Yep, there’s nothing worse then a backseat driver.
But in this case, it’s...
For the eagle eyed among you, you may well have noticed that we review an awful lot of Tritton headsets – most of which score rather highly, and rightly so. The ones that don’t seem to hit the sweet-spot on the score chart tend to be those with less features. The Kunai for example is a perfectly good headset with fantastic audio for such a low price and small frame, but it can’t do nearly as much as the Detonator or Primer headsets can. On the flip-side they don’t look anywhere near as nice the Kunai, nor do they cost as little. Other than attempting to cram in a load of hyperlinks for you to click on and click through, what I’m trying to say here is that it takes a lot more than just functionality to make a good headset. It’s a combination of features, build and – most importantly of all – cost.
It’s here that we find the Tritton Warhead sitting upon a fence between the verdant garden of Features and thorny hedgerow of Cost. It may have staggering 7.1 surround sound quality with a ton of features crammed right into each ear-cup, yet it’s the price that really has you questioning its worth. After all, with an asking price of £229.99/$299.99 this is more expensive than the console you’d be buying it for. And, what’s worse still is that it’ll only work on your Xbox 360 properly – although it should technically be able to take optical sound from the PS3, it isn’t listed as compatible (and certainly won’t support chat). Even then you have to wonder how long your purchase will be relevant for – what with this generation coming towards its close and there being no assurance that it’ll work on the next generation of hardware.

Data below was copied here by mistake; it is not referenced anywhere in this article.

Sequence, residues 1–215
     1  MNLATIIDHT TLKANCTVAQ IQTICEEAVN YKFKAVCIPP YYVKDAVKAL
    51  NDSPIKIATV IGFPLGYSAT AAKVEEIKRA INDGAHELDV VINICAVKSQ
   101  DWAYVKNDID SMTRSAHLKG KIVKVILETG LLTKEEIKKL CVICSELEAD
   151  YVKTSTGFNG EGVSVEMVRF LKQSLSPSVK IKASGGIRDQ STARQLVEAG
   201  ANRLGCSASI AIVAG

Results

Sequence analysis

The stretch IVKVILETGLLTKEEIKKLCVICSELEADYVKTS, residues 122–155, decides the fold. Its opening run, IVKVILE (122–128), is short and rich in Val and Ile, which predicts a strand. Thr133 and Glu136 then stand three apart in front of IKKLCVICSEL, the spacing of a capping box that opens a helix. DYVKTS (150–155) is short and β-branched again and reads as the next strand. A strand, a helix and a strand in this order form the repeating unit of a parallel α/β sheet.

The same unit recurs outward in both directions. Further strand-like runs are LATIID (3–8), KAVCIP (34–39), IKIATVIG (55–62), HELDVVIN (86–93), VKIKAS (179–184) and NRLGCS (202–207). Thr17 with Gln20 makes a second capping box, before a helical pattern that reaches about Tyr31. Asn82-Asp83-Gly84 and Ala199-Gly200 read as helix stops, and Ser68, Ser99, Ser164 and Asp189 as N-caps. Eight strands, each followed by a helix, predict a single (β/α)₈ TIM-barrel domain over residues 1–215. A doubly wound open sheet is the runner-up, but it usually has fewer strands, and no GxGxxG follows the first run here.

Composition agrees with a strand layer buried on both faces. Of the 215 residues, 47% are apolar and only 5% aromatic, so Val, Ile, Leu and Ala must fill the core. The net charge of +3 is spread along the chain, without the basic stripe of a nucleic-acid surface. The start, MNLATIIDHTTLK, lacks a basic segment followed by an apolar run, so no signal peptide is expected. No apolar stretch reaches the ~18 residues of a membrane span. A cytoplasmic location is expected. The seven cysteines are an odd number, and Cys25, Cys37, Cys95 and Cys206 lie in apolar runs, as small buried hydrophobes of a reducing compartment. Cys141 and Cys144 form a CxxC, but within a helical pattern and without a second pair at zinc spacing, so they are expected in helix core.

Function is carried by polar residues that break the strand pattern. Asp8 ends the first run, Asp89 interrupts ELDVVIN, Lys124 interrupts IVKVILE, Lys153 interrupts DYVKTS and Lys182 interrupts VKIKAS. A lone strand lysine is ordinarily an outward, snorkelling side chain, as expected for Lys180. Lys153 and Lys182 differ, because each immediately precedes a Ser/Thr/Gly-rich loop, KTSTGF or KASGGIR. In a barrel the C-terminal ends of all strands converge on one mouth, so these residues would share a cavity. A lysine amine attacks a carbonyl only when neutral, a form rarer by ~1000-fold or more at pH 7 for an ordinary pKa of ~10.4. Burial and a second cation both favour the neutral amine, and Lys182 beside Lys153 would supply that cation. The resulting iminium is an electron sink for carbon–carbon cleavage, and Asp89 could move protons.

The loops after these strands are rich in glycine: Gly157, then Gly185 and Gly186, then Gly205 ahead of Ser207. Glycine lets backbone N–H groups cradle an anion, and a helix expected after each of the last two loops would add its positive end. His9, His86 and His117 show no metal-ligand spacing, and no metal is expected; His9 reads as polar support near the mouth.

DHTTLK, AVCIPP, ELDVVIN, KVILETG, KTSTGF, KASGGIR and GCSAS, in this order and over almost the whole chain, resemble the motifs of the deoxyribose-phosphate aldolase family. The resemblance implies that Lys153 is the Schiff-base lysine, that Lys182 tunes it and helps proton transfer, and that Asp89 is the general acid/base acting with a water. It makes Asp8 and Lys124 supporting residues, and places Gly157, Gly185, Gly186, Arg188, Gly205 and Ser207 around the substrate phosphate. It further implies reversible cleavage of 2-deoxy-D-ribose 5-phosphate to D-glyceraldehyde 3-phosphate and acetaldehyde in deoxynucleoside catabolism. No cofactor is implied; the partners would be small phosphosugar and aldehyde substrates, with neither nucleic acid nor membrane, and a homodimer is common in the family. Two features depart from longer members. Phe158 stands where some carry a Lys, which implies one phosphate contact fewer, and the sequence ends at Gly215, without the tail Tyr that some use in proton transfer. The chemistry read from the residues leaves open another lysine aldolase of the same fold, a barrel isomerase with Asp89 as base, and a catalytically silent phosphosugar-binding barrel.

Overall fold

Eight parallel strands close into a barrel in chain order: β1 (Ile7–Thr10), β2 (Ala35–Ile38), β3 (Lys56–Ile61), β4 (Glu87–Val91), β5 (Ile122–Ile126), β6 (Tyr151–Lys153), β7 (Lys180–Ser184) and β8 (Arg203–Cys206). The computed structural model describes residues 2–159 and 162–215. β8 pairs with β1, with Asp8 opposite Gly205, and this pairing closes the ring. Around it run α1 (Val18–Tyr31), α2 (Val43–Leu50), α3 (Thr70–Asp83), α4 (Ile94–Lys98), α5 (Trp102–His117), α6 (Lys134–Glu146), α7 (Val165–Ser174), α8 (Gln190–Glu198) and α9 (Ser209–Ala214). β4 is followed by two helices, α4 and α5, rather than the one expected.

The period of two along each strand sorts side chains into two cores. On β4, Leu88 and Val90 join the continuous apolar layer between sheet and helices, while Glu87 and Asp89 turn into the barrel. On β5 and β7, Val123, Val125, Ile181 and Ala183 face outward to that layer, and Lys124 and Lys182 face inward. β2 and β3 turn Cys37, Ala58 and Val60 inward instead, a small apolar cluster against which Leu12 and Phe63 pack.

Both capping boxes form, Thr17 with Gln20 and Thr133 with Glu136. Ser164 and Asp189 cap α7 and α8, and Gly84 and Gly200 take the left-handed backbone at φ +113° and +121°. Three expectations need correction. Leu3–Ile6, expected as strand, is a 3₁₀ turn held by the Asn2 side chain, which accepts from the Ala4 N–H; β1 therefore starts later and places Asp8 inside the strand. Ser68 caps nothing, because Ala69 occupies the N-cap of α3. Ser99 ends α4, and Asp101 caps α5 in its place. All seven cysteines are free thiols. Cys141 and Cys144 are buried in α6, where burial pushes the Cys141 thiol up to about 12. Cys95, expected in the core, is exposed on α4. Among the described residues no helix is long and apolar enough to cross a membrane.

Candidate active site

On top of this the Warhead doesn’t quite exude quality either, at least not £230 worth. While Tritton may spin it so it sounds as if it comes in a luxury “aesthetically pleasing” casing, it actually looks rather bulky and the glossy black plastic doesn’t do it any favours. Granted, it’s hard to imagine anything with an entirely plastic body looking like a premium product – but the flip-side is, if it was made of brushed steel and leather, it’d be one heavy headset to wear for long periods. It must be said though, if you are going to pick up a pair of Warheads, you should be on the look out for the infinitely sexier Halo 4 edition as that brings the high-gloss plastic to life with some lovely Halo 4 touches – and it costs exactly the same.
Now the major problems are out of the way, I can focus on all the reasons the Warhead is worth considering – especially if you have the money.
It’s hard to know where to begin when it comes to the Warhead’s feature list. First of all it’s the first truly wireless Xbox 360 headset, meaning you don’t need a wire down to your controller to chat and you need not be tethered to your console in any way either. Its wireless station also houses a charge port for a second battery – which is provided – so you won’t ever run out of juice mid game, at least not for very long. The wireless signal used for your headset is also carried at the higher frequency of 5.8Ghz so it won’t interfere with the myriad of other wireless devices around your home – thus providing incredibly crisp sound and a impressive 33ft/10m range.
That’s not hyperbole either, the sound really is super sharp and crisp. The majority of my time spent playing Halo 4 and Far Cry 3 was with these bad boys on, and they really did add to the atmosphere. Venturing into the bowels of The Sprawl in Dead Space 2 was also horrifying as drips of water could be heard forming dank pools from behind my head. As the Xbox 360 only supports 5.1 surround sound, the 7.1 is actually digitised, but it’s done fantastically so you really don’t have to worry about iffy audio here and there as it digitally converts the sound.